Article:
The debates and conflicts in Ohio, Indiana, New York and Massachusetts all had an international character, with the younger Owen, Wright and Evans were all being recent immigrants. They were wide-ranging in scope, involving abolitionism, feminism and a variety of other reforms, alongside the promotion of radical political parties, the establishment of colonies, workers’ schools, etc. Individual reformers differed considerably in their commitments, often being extreme in their proposals on one subject, while advocating much tamer measures with regard to others. For someone intent on understanding the general movement of ideas, synthesizing positions, it would have been possible, I think, to find all of the pieces of something like “our” anarchism present in one form or another, without being able to point to any particular individual as obviously advocating anarchy.

We can imagine R. Zane, struck by the movement in Paul Brown’s work from disquisition to demand, gathering up all of the most uncompromising descriptions of self-government through reason alone and discovering in the synthesis a fairly well-developed sort of philosophical anarchism. We can even imagine him encountering, in the works of Godwin (not much more than a short step from a number of these other works and debates), the distinction between “a well conceived form of society without government” and “anarchy as it is usually understood”—and then beating Proudhon to the punch with regard to another understanding of anarchy. But it is hard, I think, to imagine him getting to that point without raising some significant questions about that efficacy of “reason alone,” at least as reason was understood by so many of the thinkers in question.

If reason is considered the sole legitimate source of government, then presumably its dictates always amount to some kind of demand. If it is possible—let’s say permissible in this very specific context—to reason our way to anarchism, but then to defer action for a variety of more-or-less “practical” reasons, then it is hard to distinguish between the since anti-authoritarian arguments, the intellectual pranks (Burke’s Vindication, if we believe his account) and a work like Grayson’s, which he eventually disavowed as the fruits of a period of mental distress or illness. That may or may not be a problem. If we assume that reason has a fairly universal form, then perhaps we should expect it to to produce similar results, regardless of the intent or state of mind of the reasoner.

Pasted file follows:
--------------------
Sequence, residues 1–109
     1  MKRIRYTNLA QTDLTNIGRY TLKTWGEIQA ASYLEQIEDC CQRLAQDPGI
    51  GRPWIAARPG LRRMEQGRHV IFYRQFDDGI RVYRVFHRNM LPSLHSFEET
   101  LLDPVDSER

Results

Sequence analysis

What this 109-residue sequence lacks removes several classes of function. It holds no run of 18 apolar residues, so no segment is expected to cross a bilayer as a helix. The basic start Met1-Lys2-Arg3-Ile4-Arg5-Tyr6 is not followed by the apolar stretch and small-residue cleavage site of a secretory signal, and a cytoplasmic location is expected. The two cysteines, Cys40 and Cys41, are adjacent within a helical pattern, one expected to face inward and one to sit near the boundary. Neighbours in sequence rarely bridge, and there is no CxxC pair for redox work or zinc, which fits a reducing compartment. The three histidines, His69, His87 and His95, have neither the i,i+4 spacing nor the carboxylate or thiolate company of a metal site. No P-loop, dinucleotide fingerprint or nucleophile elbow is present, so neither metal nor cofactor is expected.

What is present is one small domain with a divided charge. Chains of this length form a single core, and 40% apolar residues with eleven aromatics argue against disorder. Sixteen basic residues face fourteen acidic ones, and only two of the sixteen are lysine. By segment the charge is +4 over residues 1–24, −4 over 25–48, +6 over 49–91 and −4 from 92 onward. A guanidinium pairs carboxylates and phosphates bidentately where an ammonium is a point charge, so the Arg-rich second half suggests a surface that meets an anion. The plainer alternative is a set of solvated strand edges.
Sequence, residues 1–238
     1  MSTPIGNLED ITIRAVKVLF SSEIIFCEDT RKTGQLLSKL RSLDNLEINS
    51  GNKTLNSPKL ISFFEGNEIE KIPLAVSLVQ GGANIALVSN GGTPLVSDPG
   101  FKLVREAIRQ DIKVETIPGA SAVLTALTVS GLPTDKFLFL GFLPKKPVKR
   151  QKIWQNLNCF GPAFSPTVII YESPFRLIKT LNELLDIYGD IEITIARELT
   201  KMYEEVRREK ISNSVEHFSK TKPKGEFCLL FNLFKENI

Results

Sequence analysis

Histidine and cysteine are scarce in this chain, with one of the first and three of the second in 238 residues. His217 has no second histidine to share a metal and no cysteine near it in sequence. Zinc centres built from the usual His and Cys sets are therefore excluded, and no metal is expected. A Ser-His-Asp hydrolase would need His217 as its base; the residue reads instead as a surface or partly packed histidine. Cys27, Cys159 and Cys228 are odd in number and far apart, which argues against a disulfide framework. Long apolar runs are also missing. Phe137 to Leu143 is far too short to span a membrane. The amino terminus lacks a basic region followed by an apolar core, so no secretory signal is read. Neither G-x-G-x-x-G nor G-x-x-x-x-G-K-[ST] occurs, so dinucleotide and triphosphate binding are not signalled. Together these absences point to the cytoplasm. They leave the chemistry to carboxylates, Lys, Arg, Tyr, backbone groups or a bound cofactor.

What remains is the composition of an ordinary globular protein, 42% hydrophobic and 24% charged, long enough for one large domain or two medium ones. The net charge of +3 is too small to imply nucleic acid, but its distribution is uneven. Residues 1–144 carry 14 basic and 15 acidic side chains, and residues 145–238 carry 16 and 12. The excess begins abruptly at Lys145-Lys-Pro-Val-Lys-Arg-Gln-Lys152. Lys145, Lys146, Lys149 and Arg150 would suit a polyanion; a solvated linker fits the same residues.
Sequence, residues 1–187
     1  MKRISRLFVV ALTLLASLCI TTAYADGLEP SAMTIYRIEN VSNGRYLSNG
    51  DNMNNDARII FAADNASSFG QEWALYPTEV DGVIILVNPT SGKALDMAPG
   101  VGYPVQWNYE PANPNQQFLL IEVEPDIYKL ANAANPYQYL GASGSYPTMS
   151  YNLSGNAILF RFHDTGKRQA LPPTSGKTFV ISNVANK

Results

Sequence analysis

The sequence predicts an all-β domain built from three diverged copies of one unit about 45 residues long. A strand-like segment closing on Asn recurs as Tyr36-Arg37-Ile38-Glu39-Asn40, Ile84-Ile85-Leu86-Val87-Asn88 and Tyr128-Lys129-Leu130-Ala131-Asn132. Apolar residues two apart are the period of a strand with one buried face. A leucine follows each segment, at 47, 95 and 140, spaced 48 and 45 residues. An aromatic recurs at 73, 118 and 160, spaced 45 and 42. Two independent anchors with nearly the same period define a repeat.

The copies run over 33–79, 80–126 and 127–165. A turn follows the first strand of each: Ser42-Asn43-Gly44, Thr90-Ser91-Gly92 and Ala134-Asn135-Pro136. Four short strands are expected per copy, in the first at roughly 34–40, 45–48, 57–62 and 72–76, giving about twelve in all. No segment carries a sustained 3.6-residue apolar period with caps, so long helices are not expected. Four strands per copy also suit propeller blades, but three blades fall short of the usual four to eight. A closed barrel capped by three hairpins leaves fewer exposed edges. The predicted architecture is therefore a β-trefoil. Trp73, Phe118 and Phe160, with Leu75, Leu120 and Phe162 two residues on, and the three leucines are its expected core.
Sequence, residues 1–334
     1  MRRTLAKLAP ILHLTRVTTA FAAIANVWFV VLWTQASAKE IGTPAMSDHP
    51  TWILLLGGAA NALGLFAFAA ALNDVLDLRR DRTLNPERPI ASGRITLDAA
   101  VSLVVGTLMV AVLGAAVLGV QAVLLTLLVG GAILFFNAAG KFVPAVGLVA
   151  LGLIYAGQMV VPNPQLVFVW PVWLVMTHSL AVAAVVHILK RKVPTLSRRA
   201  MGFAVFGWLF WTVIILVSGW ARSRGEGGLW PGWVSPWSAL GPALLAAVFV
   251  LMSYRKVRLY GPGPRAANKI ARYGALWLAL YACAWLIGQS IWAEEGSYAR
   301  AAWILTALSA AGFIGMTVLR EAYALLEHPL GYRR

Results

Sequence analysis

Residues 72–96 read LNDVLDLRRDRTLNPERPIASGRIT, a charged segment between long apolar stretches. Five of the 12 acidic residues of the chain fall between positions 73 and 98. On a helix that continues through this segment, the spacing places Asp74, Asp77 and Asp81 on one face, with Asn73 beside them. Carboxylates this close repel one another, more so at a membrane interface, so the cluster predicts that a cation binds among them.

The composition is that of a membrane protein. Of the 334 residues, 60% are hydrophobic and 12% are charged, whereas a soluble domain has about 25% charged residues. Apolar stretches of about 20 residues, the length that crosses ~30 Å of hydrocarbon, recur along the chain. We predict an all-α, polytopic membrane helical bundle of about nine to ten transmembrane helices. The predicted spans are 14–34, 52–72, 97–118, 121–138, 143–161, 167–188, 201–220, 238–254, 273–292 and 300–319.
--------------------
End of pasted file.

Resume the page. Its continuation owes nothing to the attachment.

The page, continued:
If, however, reason is indeed fairly uniform from reasoner to reasoner, we still have to account for the fact that these figures on whom we might draw for the elements of a philosophical anarchism actually produced a wide range of contradictory propositions and proposals. Even if we account for some obvious failures of reason, some deviations from logic, we seem likely to still end up with some diversity in the results. But if we begin to account for real differences in the character and operation of reason in different individuals, we may find means to cling to the formula of “self-government according to reason,” but its meaning almost certainly has to change. Our philosophical anarchism is not an individualism and, within it, the function of a presumably universal reason really does have a regulatory function, whereas a reasonable anti-authoritarianism that accounted for temperaments and a real variety in the reasoning faculties would indeed have an individualist character.